This is a guest post as part of our #JayWayPoland blogger project by Natasha Amar. We arranged all the details of Natasha’s stay in Wroclaw and Warsaw in August 2018. Want to go see Poland for yourself?
In Wroclaw, Poland’s fourth largest city, the first thing you’ll likely notice—or rather, gape at—is the strikingly beautiful architecture. The Gothic churches with intricately carved details, grand Baroque university buildings, and candy-colored townhouse facades that frame the city’s Market Square could well be the setting of a children’s fairytale.
But when you’re walking around Wroclaw, the second thing you’ll likely notice, even if you’re only mildly observant, is the presence of bronze figures, each about a foot tall, on street corners, outside store windows and even going about their business in the city’s busy squares. These are the dwarves of Wroclaw (krasnale in Polish). It’s impossible to travel to Wroclaw and not meet them.
I first noticed them when I stepped out of the Art Hotel. That’s when I found Arcik the Traveller, who suddenly appeared before me, suitcase in hand. We were not too different, Arcik and I, suitcase always ready for the next adventure. There was another dwarf perched on the window of an ice cream shop, holding up a cone with scoopfuls of temptation, as if saying, “Oh, won’t you come in, get an ice cream and join me here to people-watch?”
Yet another dwarf of Wroclaw was locked up and looking at me from behind the bars of a window on Prison Street. But perhaps my favorite one was the Italian dwarf, riding a Vespa, pizza in one hand and Chianti in the other, a coffeemaker carefully balanced behind him.
Like me, you’re probably tempted to think of the dwarves of Wroclaw as a tourist draw. But you should know that the dwarves are a symbolic reminder of an important period in the city’s history. The Orange Alternative was an anti-Soviet resistance movement that started in the 1980s. Back then, a group of university students wanted to protest communism’s censorship on free speech and public gatherings, but in a fun, mocking, non-violent way.
The students went out and defaced communist propaganda with paintings of cheeky dwarves. This made people laugh and perhaps in some small way, gave them hope. Of course, this kind of ridicule angered the regime. To bring people to the protest movement, the students also started handing out free toilet paper, something that was increasingly difficult to come across in Poland during the communist regime.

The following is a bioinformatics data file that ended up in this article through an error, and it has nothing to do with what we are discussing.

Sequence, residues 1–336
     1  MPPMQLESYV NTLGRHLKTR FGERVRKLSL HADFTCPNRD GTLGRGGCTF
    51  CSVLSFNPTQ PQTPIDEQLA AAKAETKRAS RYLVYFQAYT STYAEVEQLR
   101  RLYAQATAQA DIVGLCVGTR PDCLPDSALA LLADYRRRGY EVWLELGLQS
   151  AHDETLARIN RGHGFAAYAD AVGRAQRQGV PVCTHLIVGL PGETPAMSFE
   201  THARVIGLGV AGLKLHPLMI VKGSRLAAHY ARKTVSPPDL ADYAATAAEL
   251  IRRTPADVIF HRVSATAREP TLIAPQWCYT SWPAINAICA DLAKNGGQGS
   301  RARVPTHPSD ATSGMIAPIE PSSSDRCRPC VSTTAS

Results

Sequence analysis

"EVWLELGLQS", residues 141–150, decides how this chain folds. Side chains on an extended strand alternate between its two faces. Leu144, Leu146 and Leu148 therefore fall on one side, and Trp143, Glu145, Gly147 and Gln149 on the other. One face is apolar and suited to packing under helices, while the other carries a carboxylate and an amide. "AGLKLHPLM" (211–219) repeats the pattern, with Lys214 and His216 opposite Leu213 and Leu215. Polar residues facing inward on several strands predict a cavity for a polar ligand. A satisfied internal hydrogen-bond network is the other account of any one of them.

The movement gained traction. On June 1, 1988, 10,000 protestors donned orange conical dwarf hats and took to the streets. People began to call the event the Revolution of the Dwarves. This bizarre style of the revolution made international news around the world. In commemoration of the protest, the first dwarf, Papa Krasnal, appeared on Świdnicka Street in 2001, a gathering point of the members of the Orange Alternative.
Local artist Tomasz Moczek created the first of the dwarves of Wroclaw in 2005. He has also created over 100 dwarves around the city since. But in recent years, more dwarves have sprung up around Wroclaw. They now represent private local hotels, businesses, and shops. They also encourage potential customers to come in or simply point tourists in the direction of services such as fountains. After all, the witty charm of the dwarves is undeniable and brings a smile to the faces of both tourists and residents.
There are some 300 to 500 dwarves around the city, depending on whom you ask. While male dwarves are certainly more common, there are also some female dwarves. Some locals have mixed feelings and fear that tourists don’t understand the original purpose behind the dwarves. Admittedly, there are many tourists taking photos of the dwarves around the city. But I wonder how many actually find out the reasons behind their origin.
A local app allows you to embark on a dwarf hunt around Wroclaw. You can earn points for each discovery. You can learn more about them on the official website about the dwarves of Wroclaw and time your visit to attend the annual festival.
Whatever your opinion may be about the dwarves of Wroclaw, I’m sure they’ll make your exploration of the city a little more fun and interesting.
Author Bio: Natasha Amar is a Dubai-based travel writer, and the blogger behind TheBohoChica.com writing about cultures, cuisines and hiking trails. She can be found on Instagram @thebohochica.
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